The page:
I have a conundrum. I came across a site whilst idling surfing... what? Was this identified in my timed action plan. Errmm...no actually it was just one of those click, oh click and then ooer lets click again type of moments. Anyway this author (and no I can't remember where after all that clicking) said that there is more to the word count than we think. Now I always thought that a word count was a simple thing. Count the number of words and eccolaqua (that's italian for voila) there is your word count. Wrong - so says said author. Apparently you have to estimate the space your novel will take when printed, i.e. how many pages it will take, how big the book would be. So the author kindly provides a formula (and hey maths is not my kind of thing) to work out your correct 'word count'? Doesn't sound like a word count to me... but this author reckoned it might be one of the reasons for rejection. Any takers?
Around Ireland with a Fridge by Tony Hawks
This was a journey into a totally different read for me, hence I'm not going to use my usual format for reviewing the book. Its not a novel and neither is it non-fiction really. Tony Hawks is a comic, songwriter and writer generally it seems. He is a very funny man with a very distinctive voice and has been popular on TV and Radio 4. Anway one drunken night he made a bet with a mate that he could hitchhike around Ireland with a fridge as his companion. For one hundred pounds. I bet he regretted that the next morning, but give him his due, that's exactly what he did. Anyway the book is an account of this treck which he did indeed complete. It is one of the funniest reads I have read and the characters he meets come alive in your living room as he describes their reaction to his 'mate'. His trip attracted local radio coverage and the kindness and humour with which he was afforded was second to none. For me, married to man who spent most of his formative years in Ireland, Northern Ireland but is as English as they come, it was an education into the values and spirit of the Irish. They have a gift for the simple but obvious questions and replies that form the nub of so many jokes but they are so natural at it. The descriptions of the towns and countryside were also impressive, painting a picture of the country I have only seen in photographs. Because of his distinctive voice in the real world, I could really hear Tony tell his tale, a little like reading a Jeremy Clarkson book or column, you can hear his rants and raves.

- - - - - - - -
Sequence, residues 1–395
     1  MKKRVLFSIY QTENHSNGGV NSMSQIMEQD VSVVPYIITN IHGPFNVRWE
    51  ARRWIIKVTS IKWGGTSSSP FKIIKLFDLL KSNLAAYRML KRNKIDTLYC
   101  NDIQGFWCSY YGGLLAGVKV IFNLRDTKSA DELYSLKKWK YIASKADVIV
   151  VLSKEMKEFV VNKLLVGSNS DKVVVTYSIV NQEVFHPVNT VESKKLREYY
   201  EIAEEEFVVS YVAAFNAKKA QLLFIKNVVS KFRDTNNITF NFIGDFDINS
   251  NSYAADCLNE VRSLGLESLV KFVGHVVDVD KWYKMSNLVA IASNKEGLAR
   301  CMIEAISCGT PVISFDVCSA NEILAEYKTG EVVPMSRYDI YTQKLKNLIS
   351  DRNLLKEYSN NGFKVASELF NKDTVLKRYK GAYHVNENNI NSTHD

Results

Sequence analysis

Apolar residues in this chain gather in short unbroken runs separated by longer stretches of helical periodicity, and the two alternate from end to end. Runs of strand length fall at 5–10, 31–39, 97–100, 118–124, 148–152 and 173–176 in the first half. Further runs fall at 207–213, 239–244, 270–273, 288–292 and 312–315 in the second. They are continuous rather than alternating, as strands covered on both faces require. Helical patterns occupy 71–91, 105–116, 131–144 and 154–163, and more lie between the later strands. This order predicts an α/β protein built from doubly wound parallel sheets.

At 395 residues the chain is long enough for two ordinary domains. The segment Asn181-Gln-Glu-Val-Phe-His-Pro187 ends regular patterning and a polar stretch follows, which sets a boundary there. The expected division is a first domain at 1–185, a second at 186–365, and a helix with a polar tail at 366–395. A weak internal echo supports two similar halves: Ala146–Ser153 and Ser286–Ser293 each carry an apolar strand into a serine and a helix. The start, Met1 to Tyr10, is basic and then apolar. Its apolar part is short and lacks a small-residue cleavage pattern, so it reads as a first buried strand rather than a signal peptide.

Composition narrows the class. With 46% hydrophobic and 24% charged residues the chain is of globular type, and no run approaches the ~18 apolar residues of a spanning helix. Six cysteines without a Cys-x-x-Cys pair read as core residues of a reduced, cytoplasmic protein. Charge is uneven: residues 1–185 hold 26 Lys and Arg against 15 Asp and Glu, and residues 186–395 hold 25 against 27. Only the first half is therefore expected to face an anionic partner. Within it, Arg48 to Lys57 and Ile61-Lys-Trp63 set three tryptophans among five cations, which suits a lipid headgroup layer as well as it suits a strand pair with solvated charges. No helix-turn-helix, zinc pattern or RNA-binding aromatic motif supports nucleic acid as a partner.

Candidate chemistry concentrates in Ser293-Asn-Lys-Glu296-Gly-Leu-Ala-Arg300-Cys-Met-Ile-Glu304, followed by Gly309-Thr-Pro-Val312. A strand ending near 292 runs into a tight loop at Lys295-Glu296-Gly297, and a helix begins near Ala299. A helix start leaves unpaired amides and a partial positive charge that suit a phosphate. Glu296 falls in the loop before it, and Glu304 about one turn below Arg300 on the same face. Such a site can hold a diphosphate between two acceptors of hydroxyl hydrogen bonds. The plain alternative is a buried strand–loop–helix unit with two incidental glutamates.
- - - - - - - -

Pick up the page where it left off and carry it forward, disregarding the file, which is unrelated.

This book has 135 reviews on Amazon and I can only add to what they say, you have to read this book. He's written a few more I see, but I feel a little reluctant to break the spell.